Fig. 5: Annotation Symbol family for the A-1 Occupancy Group. The calculations are driven by the Occupant Load and the Male Ratio which need manual input.
Fig 6: Annotation Symbol family parameter with the formulas for the Assembly Group A-1, complying with IBC & IBC 2012.
- API / Scripts?: Can some experimentation with API or Dynamo Scripting provide a better solution? With scripting, it is conceivable to develop a way to extract the occupancy totals and plug them as values into an Annotation Family. In a forthcoming post, I will explore in greater detail the potential of this approach.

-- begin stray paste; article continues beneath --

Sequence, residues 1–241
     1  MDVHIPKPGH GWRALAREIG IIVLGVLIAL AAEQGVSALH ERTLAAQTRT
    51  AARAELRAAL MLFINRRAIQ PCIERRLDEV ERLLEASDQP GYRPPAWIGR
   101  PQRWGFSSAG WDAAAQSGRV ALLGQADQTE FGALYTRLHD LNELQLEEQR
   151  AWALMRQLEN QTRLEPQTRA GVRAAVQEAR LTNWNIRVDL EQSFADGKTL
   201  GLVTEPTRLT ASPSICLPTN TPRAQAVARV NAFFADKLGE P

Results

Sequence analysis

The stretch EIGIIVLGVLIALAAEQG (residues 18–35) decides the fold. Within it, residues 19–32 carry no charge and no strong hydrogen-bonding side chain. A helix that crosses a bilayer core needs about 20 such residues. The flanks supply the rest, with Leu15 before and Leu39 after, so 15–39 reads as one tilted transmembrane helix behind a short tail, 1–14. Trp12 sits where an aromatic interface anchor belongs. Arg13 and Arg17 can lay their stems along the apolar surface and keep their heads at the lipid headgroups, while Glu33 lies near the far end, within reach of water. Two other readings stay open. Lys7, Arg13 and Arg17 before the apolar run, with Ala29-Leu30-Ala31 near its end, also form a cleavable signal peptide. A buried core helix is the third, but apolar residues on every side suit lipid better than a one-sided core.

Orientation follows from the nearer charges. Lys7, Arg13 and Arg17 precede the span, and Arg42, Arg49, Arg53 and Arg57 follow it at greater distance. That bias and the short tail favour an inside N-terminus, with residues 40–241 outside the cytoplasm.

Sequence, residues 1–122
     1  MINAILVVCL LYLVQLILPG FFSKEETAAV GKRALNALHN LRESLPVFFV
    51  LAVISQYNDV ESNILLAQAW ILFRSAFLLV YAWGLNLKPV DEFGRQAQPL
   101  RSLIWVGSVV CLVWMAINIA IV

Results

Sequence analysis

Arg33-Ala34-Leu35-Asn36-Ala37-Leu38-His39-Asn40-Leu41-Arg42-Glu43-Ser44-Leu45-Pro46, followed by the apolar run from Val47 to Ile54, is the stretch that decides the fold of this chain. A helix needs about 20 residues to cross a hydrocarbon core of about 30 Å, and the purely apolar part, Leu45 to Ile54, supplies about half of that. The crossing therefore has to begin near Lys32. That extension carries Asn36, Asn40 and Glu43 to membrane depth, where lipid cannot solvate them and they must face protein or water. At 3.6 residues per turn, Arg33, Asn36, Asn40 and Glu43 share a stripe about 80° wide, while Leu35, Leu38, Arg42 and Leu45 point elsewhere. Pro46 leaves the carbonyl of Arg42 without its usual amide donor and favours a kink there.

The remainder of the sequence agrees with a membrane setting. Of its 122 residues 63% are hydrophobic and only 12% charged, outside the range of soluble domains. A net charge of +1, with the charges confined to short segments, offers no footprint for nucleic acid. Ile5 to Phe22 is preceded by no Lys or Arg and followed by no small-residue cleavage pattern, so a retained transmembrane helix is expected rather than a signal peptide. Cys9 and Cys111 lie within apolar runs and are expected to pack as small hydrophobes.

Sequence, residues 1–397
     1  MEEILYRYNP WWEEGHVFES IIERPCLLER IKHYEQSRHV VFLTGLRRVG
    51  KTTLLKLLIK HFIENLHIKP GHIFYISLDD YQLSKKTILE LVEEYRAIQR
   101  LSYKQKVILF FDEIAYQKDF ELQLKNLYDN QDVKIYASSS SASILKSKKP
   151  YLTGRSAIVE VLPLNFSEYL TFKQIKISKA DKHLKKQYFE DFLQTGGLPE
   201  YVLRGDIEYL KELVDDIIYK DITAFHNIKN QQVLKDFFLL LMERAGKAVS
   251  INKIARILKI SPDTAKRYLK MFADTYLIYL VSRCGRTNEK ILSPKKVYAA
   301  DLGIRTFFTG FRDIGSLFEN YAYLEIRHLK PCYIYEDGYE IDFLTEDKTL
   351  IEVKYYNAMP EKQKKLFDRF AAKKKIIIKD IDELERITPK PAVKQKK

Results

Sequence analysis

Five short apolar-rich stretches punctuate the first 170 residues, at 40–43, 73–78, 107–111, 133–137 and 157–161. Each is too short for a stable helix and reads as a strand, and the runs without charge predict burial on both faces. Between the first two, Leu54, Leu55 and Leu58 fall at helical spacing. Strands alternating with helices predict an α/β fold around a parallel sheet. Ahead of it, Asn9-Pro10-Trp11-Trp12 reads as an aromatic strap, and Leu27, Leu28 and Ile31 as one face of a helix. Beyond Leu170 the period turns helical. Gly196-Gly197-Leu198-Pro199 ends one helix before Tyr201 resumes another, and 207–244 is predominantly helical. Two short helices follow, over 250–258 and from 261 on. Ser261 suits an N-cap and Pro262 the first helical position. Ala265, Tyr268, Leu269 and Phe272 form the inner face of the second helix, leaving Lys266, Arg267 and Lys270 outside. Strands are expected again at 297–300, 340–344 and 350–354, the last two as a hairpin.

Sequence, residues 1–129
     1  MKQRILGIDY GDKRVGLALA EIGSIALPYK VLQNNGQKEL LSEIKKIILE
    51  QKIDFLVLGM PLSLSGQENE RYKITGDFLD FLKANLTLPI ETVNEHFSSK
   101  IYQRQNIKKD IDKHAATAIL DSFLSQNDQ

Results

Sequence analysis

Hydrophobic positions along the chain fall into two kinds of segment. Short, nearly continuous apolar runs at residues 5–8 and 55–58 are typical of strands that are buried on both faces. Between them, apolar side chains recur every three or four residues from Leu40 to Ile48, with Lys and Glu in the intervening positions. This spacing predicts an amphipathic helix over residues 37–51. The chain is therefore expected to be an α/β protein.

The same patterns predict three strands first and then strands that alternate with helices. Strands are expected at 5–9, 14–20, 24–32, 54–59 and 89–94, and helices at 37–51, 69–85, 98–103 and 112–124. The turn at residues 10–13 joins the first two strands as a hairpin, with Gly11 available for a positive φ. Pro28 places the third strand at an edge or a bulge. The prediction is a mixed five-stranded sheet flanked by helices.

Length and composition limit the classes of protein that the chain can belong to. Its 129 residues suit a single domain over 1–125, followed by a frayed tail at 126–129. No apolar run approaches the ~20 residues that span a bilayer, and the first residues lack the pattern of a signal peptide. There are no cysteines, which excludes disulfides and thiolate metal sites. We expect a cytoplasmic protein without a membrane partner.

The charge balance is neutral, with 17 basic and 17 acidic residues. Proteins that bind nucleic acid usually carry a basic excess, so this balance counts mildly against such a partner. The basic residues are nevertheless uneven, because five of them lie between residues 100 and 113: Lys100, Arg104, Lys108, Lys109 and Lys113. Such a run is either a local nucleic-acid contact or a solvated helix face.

César Escalante - AIA, CCCA AEC Application Specialist César is a licensed Architect with more than 12 years of experience leveraging architecture, design, and construction technologies in the AEC industry. He has an extensive expertise managing, implementing, and supporting all facets of BIM, IPD, and VCD workflows that includes the use of mobile and cloud technology during design and construction. César has played an instrumental role deploying successful strategies for multidiscipline coordination of large, technically complex, multimillion dollar projects. An innovative thinker, he is recognized as a leader at the forefront of BIM technologies, and he is a passionate educator. César is a LEED accredited professional and a Certified Construction Contract Administrator. He is currently a member of the buildingSMART alliance and the National Institute of Building Sciences. @VCDwhiz